We all know Node is single threaded, however, it's single threaded for a client (to you as a programmer), but the platform itself is multi-threaded (internally). In order to check how many threads your node is using on Linux machine you have 3 different options:
cat /proc/`pidof node`/status | grep Threads
ls /proc/19899/task/ | wc -l
ps hH p `pidof node` | wc -l
Sometimes, it come in handy when you want to automate the load monitoring for example.
One of these is the concept of truthy and falsy. These are sort of like true/false-lite, which will anger you somewhat if you majored in logic or philosophy. You mean you didn't know true and false were in fact gradable, not absolute concepts!?
var someVar = 0;
alert(someVar == false); //evaluates true
alert(false == false); //evaluates true, of course
alert(someVar === false); //evaluates false - someVar is a number, not a legitimate boolean
It gets worse
Clear enough? It gets more complex.
A DOM element is an object, a thing in memory. Like most objects in OOP, it has properties. It also, separately, has a map of the attributes defined on the element (usually coming from the markup that the browser read to create the element). Some of the element's properties get their initial values from attributes with the same or similar names (value gets its initial value from the «value» attribute; href gets its initial value from the «href» attribute, but it's not exactly the same value; className from the «class» attribute). Other properties get their initial values in other ways: For instance, the parentNode property gets its value based on what its parent element is; an element always has a style property, whether it has a «style» attribute or not.
Note that the properties and attributes are distinct.
Now, although they are distinct, because all of this evolved rather than being designed from the ground up, a number of properties write back to the attribute they derived from if you set them. But not all do, and as you can see from href above, the mapping is not always a straight «pass the value on», sometimes there's interpretation involved.
When I talk about properties being properties of an object, I'm not speaking in the abstract. Here's some non-jQuery code:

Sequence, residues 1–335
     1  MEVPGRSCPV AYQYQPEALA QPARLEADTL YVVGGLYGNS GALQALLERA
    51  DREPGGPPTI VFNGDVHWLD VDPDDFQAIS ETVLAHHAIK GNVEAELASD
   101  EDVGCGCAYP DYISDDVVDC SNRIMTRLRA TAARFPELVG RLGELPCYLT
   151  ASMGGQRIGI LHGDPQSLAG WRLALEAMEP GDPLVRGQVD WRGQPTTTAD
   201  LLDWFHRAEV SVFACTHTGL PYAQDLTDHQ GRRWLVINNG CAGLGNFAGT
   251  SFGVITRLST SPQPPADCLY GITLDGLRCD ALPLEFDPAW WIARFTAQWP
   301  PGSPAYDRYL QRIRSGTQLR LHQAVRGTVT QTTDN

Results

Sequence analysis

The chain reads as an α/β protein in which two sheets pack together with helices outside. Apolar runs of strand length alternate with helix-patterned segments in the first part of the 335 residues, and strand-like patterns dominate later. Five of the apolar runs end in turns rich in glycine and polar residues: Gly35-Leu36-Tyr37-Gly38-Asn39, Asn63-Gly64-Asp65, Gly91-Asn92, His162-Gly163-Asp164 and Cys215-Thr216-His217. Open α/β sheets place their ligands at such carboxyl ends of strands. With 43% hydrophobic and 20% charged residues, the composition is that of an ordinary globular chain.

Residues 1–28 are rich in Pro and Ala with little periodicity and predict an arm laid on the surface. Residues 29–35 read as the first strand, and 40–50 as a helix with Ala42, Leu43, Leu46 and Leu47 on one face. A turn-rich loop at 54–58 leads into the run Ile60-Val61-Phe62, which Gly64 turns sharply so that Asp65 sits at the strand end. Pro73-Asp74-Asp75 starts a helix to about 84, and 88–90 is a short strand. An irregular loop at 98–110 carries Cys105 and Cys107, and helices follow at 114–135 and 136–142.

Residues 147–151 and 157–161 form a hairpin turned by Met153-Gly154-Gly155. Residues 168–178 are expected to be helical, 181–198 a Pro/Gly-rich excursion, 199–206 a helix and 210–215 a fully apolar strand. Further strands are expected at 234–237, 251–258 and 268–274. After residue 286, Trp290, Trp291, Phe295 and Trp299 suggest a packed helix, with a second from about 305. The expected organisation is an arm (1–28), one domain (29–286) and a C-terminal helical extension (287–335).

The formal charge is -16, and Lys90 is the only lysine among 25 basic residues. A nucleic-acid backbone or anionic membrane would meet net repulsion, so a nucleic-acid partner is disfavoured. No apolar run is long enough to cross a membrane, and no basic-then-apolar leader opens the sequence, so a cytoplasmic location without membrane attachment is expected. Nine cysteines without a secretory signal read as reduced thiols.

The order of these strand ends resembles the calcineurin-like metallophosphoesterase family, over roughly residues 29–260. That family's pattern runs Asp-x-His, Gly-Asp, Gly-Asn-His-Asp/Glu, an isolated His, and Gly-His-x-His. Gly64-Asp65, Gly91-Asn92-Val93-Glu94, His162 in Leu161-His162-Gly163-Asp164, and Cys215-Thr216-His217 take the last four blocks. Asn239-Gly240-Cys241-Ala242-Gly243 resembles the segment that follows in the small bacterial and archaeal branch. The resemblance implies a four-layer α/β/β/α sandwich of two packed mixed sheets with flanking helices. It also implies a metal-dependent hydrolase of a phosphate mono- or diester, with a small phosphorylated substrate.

var link = document.getElementById('fooAnchor');
alert(link.href); // alerts "http://example.com/foo.html"
alert(link.getAttribute("href")); // alerts "foo.html"
(Those values are as per most browsers; there's some variation.)
The link object is a real thing, and you can see there's a real distinction between accessing a property on it, and accessing an attribute.
The vast majority of the time, we want to be working with properties. Partially that's because their values (even their names) tend to be more consistent across browsers. We mostly only want to work with attributes when there is no property related to it (custom attributes), or when we know that for that particular attribute, the attribute and the property are not 1:1 (as with href and «href» above).
The standard properties are laid out in the various DOM specs:
These specs have excellent indexes and I recommend keeping links to them handy; I use them all the time.
Custom attributes would include, for instance, any data-xyz attributes you might put on elements to provide meta-data to your code (now that that's valid as of HTML5, as long as you stick to the data- prefix). (Recent versions of jQuery give you access to data-xyz elements via the data function, but that function does more than that and if you're just dealing with a data-xyz attribute, I'd actually use the attr function to interact with it.)
The attr function used to have some convoluted logic around getting what they thought you wanted, rather than literally getting the attribute. It conflated the concepts. Moving to prop and attr is meant to de-conflate them. There will be some brief confusion, but hopefully a better understanding of what's really going on going forward.